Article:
Khartoum was Charlton Heston's last major roadshow movie. Unlike El Cid, it has absolutely no romantic angle and is therefore limited in boxoffice appeal to male war and battle buffs. For a roadshow, it's rather short; with overture, intermission and curtain music, it is still only two hours and sixteen minutes long. West Side Story was 150 minutes, but had no intermission, and the typical roadshow was between 160 and 190, with an intermission at about the 100 minute mark. It's a nice form that would be fun to see come back, as it was always exciting to have a mid-point chat about the show (and run to the restroom) before getting back to battles. With the modern cinema's lack of pageantry (no fancy curtain rituals) and desire to cram in as many shows as possible per day, the roadshow format is not likely to return.

Charlton Heston is so good at playing grand larger-than life military hero characters that he overcomes the fact that he hasn't an English bone in his body, and doesn't physically resemble the reportedly short and stout Gordon. Few actors could face a mob of assassins with just a walking stick in his hand and not look foolish, something that Heston takes to naturally.

Laurence Olivier's part was carefully designed so that all of his shots could be made on a soundstage back in England. This works out all right, except that it adds to the static feel of much of the picture. Dyed dark brown, and affecting a manner of speech that's either inspired or the all-time bad 'Wog' imitation, Sir Larry has come up for some heavy criticism over the years. In particular, he pronounces 'Khartoum' as if he were clearing his throat to spit. But the deviousness in his eyes, and the reptilian glee with which he informs Gordon that all of his hopes for reinforcement are doomed, are exceedingly well-expressed.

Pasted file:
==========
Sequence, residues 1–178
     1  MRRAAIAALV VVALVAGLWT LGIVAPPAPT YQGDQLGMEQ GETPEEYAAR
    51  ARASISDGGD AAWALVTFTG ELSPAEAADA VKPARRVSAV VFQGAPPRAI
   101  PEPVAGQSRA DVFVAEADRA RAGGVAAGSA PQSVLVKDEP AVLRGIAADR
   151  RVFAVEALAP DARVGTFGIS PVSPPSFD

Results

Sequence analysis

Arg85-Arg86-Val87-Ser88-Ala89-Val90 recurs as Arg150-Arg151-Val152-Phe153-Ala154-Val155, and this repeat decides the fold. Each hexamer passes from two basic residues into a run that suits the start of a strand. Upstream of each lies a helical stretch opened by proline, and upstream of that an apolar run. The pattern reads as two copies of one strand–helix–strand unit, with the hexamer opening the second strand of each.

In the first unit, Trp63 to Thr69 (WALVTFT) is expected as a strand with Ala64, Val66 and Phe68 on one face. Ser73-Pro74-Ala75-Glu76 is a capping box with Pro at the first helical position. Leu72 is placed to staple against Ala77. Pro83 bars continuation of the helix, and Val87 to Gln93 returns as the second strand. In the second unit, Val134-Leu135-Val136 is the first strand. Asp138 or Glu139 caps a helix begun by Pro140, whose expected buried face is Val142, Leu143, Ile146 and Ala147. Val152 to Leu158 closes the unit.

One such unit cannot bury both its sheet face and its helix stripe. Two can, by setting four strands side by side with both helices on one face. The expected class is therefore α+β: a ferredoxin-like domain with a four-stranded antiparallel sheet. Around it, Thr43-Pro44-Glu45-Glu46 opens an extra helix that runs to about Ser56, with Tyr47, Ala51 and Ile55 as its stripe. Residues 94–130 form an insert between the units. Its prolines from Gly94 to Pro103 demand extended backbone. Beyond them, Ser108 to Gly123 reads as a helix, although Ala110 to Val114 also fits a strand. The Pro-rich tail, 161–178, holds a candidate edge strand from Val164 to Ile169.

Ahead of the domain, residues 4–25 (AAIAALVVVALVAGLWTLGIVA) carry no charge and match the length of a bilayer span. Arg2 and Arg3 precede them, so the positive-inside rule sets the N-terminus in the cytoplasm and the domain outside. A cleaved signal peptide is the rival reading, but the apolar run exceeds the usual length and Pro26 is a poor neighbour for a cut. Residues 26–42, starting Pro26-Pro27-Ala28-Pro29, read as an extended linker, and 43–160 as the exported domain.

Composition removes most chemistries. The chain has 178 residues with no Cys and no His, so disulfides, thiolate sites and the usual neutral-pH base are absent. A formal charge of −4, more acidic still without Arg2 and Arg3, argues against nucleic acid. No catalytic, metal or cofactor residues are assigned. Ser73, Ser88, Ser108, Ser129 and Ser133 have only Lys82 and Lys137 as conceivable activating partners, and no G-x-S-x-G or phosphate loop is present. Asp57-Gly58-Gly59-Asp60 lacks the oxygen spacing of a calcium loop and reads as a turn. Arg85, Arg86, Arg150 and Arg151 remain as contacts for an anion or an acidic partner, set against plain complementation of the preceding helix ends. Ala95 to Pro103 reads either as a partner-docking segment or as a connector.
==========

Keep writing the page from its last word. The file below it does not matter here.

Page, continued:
Ralph Richardson and Michael Hordern do their usual solid jobs as the standard equivocating politicians. Richard Johnson, once considered for James Bond (he played Bulldog Drummond in a couple of spy pictures) is a dashing-looking but almost completely inexpressive leading man, perfectly suited to these kinds of stiff-soldier roles. Surrounded here by knights and classier players, in the 70's he turned to crude Euro-horror - zombie movies, Exorcist ripoffs. Several of the leading Arab roles are played by the usual English imitators - Marne Maitland, Douglas Wilmer.


At the end, General Gordon goes to his fate and we're simply told that his alter ego The Mahdi followed him in Death soon thereafter, as Gordon had predicted. Whether this worked out well for Gladstone and his political cronies is not divulged. Instead we get the movie's low point, a thudding final benediction: 'A world with no room for the Gordons, will be reclaimed by the sands.' Huh? It almost sounds like, 'A Day without a Wicket is a Day without Sunshine', from How to Succeed in Business Without Really Trying.

MGM's DVD of Khartoum once again takes a reasonably good epic movie and makes it a pleasure to watch. The sharp and colorful image flatters the original photography.  1 The only extra is a trailer. The soundtrack is in stereo surround, and a full stereo surround Spanish language track is included as well.

MGM DVD has its frustrations from time to time, but it's hard to find fault with these great epic discs. They may mostly be plainwrap (The Vikings certainly is not) but the quality for the price is terrific - they retail at $14.95 and can easily be found with deep discounts.

On a scale of Excellent, Good, Fair, and Poor, Khartoum rates:
Movie: Good
Video: Excellent
Sound: Excellent
Supplements: Trailer
Packaging: Amaray case
Reviewed: May 20, 2002


1. According to MGM, the Roadshow only added the music bookends and intermission, so this 35mm-sourced version had not been cut. Since the standard release was down-converted to ordinary Panavision, it explains why the aspect ratio is a standard 2:35 to 1.

2. Ardrey's previous script, The Wonderful Country is a piece of perfection unknown in all but Western circles. Unfortunately, a music rights dispute has kept this great United Artists movie from coming to home video in any form.

DVD Savant Text © Copyright 2007 Glenn Erickson